Proving it

Oct 22, 2012

Oct How you're helping in West Africa

22
2012

Widow Adoaga Ousmane (45) is responsible for finding food for her six children as well as caring for three grandchildren. Like many people caught up in the current West Africa food crisis, she finds food by picking tree leaves and digging up anthills to find wild grass seeds.

Even then, there is little to feed her family. “(At night time) I think a lot... about my family – what will they eat, what will I find for them, will I be able to feed them today, I make calculations for tomorrow,” she worries.

TOP LEFT: Adoaga looks for seeds in anthills in the hope of finding something for her family to eat. TOP RIGHT: Adoaga holds a bowl of leaves, which are used to make a ‘sauce’ to accompany traditional maize dish called la boule. Families grind the maize they receive at Oxfam’s food distributions to make the dish. ABOVE: Adoaga at home with her children. Your generous donations are providing emergency food aid for many families like Adoaga’s. All photos by Abbie Trayler-Smith/Oxfam

“I always think about how I’m going to find food for my children, wishing that my husband was still alive to help me provide for the children, because I don’t really have anyone I can turn to for help. If my friends have nothing to give me, we won’t eat anything.

“I let the children eat first until they are full and then I eat whatever is left, I need to build up enough strength so that I have the energy to find food for my children when this runs out so I have to make sure I keep some of the food for myself.”

Thanks to your response to our West Africa appeal, we’re providing food to families like Adoaga’s in the Guéra region of Chad.

TOP: Adoaga’s child licks her spoon clean after eating. ABOVE LEFT: The little girl with Adoaga. ABOVE RIGHT: Adoaga at home with her children. All photos by Abbie Trayler-Smith/Oxfam

On the day of our food distribution, Adoaga is clearly relieved to be able to feed her family. “All my worries have now left me and I am much calmer. I can find sleep more easily. If I eat like this more often then my stomach will be full and I will begin to grow stronger.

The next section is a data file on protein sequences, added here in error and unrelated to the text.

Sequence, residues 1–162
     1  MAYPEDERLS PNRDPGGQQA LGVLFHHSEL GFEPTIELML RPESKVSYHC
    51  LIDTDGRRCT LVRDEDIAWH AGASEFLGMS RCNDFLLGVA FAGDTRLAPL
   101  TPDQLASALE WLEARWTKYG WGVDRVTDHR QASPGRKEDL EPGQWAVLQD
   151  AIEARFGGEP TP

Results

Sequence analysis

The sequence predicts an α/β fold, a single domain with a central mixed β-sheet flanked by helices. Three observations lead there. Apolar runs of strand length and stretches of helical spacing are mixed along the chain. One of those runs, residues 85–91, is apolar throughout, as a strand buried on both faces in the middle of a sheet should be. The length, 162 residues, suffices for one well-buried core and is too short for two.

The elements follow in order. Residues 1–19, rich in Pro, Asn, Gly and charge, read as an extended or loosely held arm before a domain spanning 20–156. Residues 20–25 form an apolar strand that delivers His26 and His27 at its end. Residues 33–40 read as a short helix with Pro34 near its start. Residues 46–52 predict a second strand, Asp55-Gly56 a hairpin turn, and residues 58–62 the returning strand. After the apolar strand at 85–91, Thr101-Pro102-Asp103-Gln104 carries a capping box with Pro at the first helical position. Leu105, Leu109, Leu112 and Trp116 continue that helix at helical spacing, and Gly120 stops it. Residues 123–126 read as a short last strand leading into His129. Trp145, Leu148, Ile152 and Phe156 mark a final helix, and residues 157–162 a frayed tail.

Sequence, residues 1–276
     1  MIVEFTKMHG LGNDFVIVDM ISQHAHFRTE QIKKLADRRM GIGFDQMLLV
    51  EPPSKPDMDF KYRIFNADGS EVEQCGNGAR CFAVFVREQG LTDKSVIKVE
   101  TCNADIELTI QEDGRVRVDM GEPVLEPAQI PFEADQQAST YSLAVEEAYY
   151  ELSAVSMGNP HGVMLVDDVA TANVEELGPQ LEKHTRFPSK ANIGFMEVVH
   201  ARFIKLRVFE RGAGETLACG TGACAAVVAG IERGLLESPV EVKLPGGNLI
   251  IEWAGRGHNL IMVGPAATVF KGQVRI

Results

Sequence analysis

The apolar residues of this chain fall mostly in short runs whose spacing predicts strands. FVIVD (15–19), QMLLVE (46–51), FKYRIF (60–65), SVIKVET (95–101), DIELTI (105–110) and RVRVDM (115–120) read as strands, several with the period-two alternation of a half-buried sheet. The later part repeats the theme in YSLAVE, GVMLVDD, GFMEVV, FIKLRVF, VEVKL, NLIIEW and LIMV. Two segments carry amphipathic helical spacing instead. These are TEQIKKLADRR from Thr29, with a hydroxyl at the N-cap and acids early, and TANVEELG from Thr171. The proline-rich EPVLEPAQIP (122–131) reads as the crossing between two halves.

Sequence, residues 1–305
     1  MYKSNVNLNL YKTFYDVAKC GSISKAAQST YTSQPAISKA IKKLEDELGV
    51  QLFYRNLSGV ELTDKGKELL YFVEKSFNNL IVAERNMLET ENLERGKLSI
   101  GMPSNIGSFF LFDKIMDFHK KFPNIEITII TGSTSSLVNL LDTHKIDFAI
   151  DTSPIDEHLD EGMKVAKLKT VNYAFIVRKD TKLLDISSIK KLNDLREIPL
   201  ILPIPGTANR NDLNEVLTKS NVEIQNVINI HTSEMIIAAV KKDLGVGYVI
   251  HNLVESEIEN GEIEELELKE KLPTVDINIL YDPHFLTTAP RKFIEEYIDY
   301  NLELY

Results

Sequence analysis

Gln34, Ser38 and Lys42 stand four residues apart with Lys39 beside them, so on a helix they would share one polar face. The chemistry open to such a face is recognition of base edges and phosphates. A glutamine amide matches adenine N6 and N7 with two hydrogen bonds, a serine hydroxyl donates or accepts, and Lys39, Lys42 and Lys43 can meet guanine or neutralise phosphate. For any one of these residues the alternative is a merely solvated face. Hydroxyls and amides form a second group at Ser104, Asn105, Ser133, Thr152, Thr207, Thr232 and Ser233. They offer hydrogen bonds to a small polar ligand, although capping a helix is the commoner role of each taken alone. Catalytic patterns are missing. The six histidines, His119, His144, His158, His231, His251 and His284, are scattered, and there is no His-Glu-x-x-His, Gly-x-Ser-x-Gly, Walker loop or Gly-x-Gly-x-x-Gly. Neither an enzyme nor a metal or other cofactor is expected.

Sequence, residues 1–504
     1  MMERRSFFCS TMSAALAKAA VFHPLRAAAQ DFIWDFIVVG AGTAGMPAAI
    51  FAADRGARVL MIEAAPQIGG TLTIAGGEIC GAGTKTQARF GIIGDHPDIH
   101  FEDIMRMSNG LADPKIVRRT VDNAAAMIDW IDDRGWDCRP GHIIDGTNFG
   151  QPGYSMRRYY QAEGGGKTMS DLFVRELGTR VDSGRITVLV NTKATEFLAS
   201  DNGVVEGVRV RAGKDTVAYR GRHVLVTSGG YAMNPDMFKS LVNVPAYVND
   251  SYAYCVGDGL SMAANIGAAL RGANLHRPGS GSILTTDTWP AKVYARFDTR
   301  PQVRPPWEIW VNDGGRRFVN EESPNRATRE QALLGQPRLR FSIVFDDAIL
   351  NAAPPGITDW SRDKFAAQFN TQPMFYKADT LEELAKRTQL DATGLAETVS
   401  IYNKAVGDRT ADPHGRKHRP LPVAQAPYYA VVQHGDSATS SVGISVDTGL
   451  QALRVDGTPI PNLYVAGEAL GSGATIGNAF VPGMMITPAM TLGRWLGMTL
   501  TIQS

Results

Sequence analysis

I feel well today. Much better and calmer than before the food distribution and I have less worries now that we have enough food for a while. “We are eating bigger portions and with more nutrition so my children and I can sleep much more easily.”

Oxfam distributed food to 61,326 people in the Guéra region between May and September 2012. Each family receives 34 kilos of maize, 4-5 kilos of beans, 2.25 litres of oil and 0.37 grams of salt, enough food to feed an average family for one month. Your generosity is making a huge difference.

We aim to reach a total of 1.8 million people across Burkina Faso, Chad, Mali, Mauritania, Niger, Senegal, and the Gambia with emergency aid. But we need to raise more money in order to do so.

Oct 22, 2012

Oct Water is life

22
2012

It’s finally here. Helen Ewoton, her husband and her five children in Nawoyatir in Turkana, northern Kenya, have been waiting for this day for a very long time. Today, thanks to your support, Oxfam will dig a new borehole to provide clean water.

“There is water here and Oxfam knew the water was here,” says Helen (48). “When I saw the drillers I felt very happy. We were all very happy when we saw the water spurting out.”

TOP: The borehole means Helen can access water locally, ending her daily three-hour round trip. ABOVE LEFT: Helen says the borehole will improve the health of kids like her grandchild Kaisa. ABOVE RIGHT: The women of Nawoyatir village sing and dance to celebrate the arrival of clean water. All photos by Kieran Doherty/Oxfam.

Not only will it end their daily three-hour round trip to fetch water, but the arrival of this source of safe, clean drinking water has huge health benefits for the community of Nawoyatir. Previously, locals were forced to drink water from hand-dug wells sometimes contaminated by faeces. Serious water-related illnesses, such as cholera, are common in Turkana, an area that was badly hit by the East Africa food crisis in 2011.

This incredible video captures Helen and her community's delight as Oxfam builds them a borehole, bringing desperately needed fresh water to this village in northern Kenya. Thanks to everyone who donated to our appeal – your generosity has enabled us to implement projects like this.